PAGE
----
That year, after Kampia slept with a female employee following an office happy hour, four workers quit in frustration. Kampia maintained that the encounter was consensual but agreed to take a three-month medical leave to get therapy, telling the Washington Post, “I just think I’m hypersexualized.”
In 2017, when the allegations resurfaced in the wake of the #MeToo movement, Kampia’s former chief of staff, Alison Green, labeled him a “serial sexual harasser.” Kampia left his role at MPP shortly thereafter, and was ousted from the National Cannabis Industry Association’s board of directors the following year. The NCIA said an internal review uncovered a “pattern of behavior unbecoming of a board member.”
In an interview with The Daily Beast last week, Kampia did not deny that he slept with a subordinate in 2010 or used “crude language” in the office, but said he had not broken any laws or violated any office policies. He noted that MPP instituted stricter sexual harassment policies following the 2010 incident and said he’d lived with “a halo over [his] head” since then. He said the NCIA board had not specified what the complaints against him were this year.
“Two-thirds, three-quarters of the [MPP] staff was using crude language, inappropriate remarks, et cetera, and the reason that people kept doing that is because no one was complaining,” he said. “And so I wasn't even nearly the biggest culprit. The only reason I was in the news and no one else was in the news is that I’m actually more famous.”
Kaytlin Bailey, the group’s communications director, said the members of Decriminalize Sex Work were aware of the previous allegations against Kampia but were personally comfortable working with him in his capacity as a fundraiser. She emphasized that the group was being co-directed by a group of activists with years of experience in the movement, including a lawyer who has defended sex workers and survivors of trafficking for more than a decade.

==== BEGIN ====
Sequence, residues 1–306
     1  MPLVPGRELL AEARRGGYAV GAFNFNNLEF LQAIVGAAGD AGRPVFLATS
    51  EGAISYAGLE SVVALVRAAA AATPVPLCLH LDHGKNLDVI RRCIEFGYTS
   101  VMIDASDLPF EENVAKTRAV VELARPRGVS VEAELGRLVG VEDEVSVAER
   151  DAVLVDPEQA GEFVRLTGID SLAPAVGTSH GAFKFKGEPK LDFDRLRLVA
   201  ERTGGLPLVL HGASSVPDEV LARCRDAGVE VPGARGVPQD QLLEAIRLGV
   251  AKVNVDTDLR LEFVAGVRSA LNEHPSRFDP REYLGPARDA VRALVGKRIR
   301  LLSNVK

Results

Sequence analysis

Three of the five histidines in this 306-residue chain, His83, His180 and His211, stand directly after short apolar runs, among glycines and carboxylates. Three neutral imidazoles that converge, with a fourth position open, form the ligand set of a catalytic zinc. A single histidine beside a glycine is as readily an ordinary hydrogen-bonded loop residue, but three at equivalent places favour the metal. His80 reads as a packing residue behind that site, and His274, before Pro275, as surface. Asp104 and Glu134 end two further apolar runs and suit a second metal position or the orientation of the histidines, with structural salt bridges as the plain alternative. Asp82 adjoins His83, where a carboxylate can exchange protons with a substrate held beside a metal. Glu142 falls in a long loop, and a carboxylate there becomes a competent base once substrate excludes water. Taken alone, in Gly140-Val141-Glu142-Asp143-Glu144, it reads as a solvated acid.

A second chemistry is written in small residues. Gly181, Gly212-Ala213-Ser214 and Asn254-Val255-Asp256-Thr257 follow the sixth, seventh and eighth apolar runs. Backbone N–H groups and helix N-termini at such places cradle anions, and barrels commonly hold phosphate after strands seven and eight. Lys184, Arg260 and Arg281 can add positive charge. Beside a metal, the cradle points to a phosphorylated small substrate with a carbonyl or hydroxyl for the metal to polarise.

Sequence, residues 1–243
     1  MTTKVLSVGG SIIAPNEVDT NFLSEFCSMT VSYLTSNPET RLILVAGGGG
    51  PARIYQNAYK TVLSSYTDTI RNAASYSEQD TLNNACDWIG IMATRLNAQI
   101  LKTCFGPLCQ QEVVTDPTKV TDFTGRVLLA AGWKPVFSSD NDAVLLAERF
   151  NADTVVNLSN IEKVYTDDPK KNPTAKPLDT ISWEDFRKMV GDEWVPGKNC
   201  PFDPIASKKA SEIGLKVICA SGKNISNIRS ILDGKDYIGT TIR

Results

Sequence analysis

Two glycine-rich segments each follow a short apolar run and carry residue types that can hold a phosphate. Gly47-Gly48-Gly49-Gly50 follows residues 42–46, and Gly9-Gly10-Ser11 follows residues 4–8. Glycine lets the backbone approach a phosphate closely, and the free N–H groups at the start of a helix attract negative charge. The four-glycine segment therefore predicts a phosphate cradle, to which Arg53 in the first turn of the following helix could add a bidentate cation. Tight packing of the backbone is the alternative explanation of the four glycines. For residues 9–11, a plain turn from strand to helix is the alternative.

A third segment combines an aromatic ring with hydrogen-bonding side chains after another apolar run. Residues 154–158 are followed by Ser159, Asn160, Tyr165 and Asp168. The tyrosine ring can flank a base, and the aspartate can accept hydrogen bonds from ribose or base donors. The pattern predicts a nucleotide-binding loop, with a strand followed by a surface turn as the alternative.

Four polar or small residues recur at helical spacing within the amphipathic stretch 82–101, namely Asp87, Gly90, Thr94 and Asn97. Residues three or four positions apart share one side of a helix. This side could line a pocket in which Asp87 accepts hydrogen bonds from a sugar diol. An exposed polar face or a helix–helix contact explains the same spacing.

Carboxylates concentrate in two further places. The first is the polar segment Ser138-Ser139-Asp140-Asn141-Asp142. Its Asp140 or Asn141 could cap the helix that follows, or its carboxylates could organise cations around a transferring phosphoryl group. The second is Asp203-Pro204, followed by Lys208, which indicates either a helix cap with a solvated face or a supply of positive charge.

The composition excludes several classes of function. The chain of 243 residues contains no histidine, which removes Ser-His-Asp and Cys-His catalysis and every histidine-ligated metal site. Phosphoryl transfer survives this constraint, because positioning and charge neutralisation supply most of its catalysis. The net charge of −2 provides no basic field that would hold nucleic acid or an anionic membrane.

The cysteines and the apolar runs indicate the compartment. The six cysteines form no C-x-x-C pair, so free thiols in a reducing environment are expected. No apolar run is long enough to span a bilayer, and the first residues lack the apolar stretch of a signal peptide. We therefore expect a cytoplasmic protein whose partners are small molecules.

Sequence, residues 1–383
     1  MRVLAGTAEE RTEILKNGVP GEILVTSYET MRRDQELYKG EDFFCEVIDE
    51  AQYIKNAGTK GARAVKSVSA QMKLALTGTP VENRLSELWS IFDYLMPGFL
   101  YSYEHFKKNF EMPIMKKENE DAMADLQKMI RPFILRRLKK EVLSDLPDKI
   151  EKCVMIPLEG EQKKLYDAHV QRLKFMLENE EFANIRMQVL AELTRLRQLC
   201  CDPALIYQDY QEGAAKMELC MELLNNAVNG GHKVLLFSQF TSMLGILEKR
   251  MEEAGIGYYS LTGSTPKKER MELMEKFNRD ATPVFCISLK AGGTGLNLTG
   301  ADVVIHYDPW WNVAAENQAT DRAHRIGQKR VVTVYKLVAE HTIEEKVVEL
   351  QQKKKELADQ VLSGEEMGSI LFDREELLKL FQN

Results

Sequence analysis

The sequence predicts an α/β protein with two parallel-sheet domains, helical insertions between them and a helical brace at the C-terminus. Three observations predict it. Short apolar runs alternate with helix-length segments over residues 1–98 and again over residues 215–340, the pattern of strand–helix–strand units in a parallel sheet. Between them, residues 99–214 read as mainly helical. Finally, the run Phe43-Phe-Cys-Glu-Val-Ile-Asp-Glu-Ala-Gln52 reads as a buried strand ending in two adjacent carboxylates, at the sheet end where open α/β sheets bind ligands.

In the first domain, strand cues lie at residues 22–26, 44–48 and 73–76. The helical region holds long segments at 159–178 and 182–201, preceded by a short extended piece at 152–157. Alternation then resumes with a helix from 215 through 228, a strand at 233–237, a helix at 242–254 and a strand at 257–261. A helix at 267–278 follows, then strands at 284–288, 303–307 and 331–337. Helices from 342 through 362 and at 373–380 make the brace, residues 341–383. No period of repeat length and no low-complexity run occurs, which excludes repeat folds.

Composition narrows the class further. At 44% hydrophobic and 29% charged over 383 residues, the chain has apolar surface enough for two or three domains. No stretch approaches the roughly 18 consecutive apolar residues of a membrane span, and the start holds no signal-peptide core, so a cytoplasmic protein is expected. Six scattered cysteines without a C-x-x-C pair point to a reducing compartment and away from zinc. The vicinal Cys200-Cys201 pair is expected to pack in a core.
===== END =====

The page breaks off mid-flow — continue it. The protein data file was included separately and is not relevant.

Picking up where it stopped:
“I don’t claim to speak for sex workers, no one can. We’re not a homogenous group,” Bailey said. “But sex workers ought to know better than anyone that no one is disposable. Everyone makes mistakes and no one is perfect. Righteousness is a helluva drug, but it doesn’t get results.
“I believe that as a movement if we continue to attack the people trying to help we will inevitably fail,” she added. “Moral purity and righteous rage is for the other side, the people trying to put sex workers behind bars.”
Stacey Swimme, an activist who worked with Kampia on marijuana legalization and connected him with several sources in the sex workers’ rights movement, disagreed. She said she was warned Kampia had sexually aggressive tendencies when she first met him nearly 15 years ago, and now regrets introducing him to advocates.
“It’s time for him to step aside and let the funders who genuinely care about the rights of sex workers have these relationships with trusted organizations with sex workers,” she said. “He just wants to create something he can be in charge of. This is really a vanity project, not a functional rights organization.”